I remember thinking his answer was both deeply theological and faithful. I only realized, much later, that not every church feels and thinks that same way.

We do not talk of such things in the church today for a variety of reasons: we prioritize the privacy of the individual, we treat the church as a place to talk about churchy things and not worldly things, we are afraid of upsetting sensibilities, we don’t want to appear too political, etc. 

And yet, we, in large part, have fallen into a fallacy of believing that the most important things in the world are political and can only be handled in a political manner. We therefore worry and lose more sleep over who sits behind the desk in the oval office (or behind the rail in the Supreme Court) than we do over who sits at the throne of the universe (and who comes to be the Judged Judge in our place). 

The church is, and always will be, political but it is political on terms that run counter to the world. Put simply, the church does not exist to proclaim a list of do’s and dont’s, but rather to follow and point to the One who does for us what we cannot do for ourselves.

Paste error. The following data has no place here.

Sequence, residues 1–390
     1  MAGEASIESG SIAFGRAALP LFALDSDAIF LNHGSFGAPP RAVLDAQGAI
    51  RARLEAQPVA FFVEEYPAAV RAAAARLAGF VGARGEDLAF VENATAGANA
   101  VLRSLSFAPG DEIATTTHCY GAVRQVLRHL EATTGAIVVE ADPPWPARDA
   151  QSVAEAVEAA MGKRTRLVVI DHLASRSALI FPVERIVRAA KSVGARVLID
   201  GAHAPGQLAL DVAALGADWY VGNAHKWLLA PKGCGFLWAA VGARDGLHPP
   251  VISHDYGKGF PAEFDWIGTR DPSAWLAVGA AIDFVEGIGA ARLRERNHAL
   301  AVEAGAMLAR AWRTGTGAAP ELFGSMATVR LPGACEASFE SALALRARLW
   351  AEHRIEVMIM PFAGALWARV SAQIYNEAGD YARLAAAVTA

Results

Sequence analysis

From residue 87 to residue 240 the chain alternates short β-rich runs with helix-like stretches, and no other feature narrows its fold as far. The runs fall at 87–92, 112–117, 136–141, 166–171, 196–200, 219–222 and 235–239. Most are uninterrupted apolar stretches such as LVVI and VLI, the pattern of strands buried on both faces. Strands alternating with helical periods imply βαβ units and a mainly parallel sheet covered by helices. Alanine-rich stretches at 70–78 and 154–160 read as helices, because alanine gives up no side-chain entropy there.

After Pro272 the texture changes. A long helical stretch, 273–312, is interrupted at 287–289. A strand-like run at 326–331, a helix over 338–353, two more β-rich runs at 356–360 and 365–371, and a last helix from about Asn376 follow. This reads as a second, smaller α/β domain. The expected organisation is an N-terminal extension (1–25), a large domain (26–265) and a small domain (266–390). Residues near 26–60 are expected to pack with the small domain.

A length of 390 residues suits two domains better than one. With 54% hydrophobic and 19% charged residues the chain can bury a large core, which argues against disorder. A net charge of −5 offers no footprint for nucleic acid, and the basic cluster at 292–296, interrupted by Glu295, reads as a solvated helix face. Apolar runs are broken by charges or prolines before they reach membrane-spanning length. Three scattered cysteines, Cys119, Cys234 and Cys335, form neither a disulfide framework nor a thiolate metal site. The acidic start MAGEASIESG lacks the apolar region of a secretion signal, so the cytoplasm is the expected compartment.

Therefore, the most interesting, creative, and faithful solutions we (that is: Christians) have to offer our weary world are not new laws, new politicians, or new social programs (though we certainly can support such efforts). The most important thing we have to offer the world is the church. We best serve the world by showing the world what it is not: a place where God is forming a family out of strangers.

We, the church, exist to be present for others not to judge them or to damn them, but to love them and support them to the end. 

It isn’t easy – but nothing really important ever is.  

To The End

John 13.1

Now before the festival of the Passover, Jesus knew that his hour had come to depart from this world and go to the Father. Having loved his own who were in the world, he loved them to the end.

The synoptics (Matthew, Mark, and Luke) treat us to the scene of Jesus’ final evening with his friends as they sit around a table sharing bread and wine.

John, however, takes the scene a little bit further.

While eating at the table, Jesus gets up, takes off his outer robe, and ties a towel around himself. He begins washing all of the disciples’ feet and wipes them off with the towel around his waist.